Representatives of Encana were able to see firsthand the impact the Royal Tyrrell Museum’s Science Camps are making on the young participants last Wednesday.
Encana has been a sponsor of the Encana Badlands Science Camps for the last four years. The camp offers young people, ages 9-15, a unique experience of learning about the natural history of the area, and of course dinosaurs. On July 7, a group from Encana toured the camp and participated in activities including fossil hunting. Councillors and campers directed the guests in what to look for when prospecting for fossils.
The guests also toured the Tyrrell’s 25th anniversary exhibition.
“We are appreciative of the sponsorship, and we want to show our gratitude,” said Jason Martin director of operations and finance for the Royal Tyrrell Museum, who invited Encana out for a day of fun and learning in the Badlands. “The camp touches people from all over.”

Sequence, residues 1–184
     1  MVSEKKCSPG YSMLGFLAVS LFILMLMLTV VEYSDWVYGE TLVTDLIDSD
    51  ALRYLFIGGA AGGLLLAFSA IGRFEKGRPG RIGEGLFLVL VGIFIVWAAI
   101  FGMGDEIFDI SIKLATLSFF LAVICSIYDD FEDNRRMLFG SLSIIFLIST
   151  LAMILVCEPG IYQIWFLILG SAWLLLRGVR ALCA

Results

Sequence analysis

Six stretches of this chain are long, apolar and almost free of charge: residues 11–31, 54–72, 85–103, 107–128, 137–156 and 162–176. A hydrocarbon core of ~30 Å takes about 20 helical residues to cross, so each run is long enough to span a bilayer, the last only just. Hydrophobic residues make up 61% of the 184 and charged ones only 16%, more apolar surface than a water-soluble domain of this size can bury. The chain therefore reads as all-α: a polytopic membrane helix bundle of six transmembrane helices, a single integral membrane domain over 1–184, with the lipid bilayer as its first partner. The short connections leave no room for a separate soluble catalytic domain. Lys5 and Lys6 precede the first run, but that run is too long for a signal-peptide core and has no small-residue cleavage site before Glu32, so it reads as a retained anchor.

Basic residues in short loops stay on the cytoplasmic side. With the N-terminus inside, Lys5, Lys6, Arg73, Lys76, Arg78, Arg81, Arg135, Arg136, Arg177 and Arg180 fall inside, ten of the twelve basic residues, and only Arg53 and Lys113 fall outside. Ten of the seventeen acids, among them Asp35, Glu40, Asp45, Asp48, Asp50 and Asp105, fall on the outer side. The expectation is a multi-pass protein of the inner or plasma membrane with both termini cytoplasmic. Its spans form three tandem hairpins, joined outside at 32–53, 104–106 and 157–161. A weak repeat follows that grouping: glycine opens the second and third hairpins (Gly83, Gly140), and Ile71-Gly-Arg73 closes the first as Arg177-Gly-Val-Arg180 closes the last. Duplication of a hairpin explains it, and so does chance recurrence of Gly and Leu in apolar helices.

In fact, he said this year they have registrations from as far as Australia and the United Kingdom as well as the US and strong representation from points across Canada. For the last three years the demand continues to grow, even as the Museum increases capacity.
Tyler Eddy founded the camps in the vacuum left when Dinosaur Country Science Camps, operated by Robin Digby, ended. Today, Morgan Syvertsen coordinates the program.
The impact of the camp on young people’s lives is evident. Martin explains in the early years it was difficult to staff councillors, and now they do not even have to post the positions. This is due to a contingent of former campers completing the program and enrolling in Leader in Training and Councillor in Training programs offered at the camp.
One of the councillors on site this day, Greg Funston, started as a camper and is now a councillor. He is also studying Palaeontology at the University of Alberta.